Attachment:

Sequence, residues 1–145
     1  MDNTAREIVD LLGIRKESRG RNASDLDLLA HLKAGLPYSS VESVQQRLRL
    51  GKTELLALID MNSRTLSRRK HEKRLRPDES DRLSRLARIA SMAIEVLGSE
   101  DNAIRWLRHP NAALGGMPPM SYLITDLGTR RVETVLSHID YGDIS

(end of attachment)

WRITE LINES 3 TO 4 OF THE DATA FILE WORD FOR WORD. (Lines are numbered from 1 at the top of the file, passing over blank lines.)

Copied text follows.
    51  GKTELLALID MNSRTLSRRK HEKRLRPDES DRLSRLARIA SMAIEVLGSE
   101  DNAIRWLRHP NAALGGMPPM SYLITDLGTR RVETVLSHID YGDIS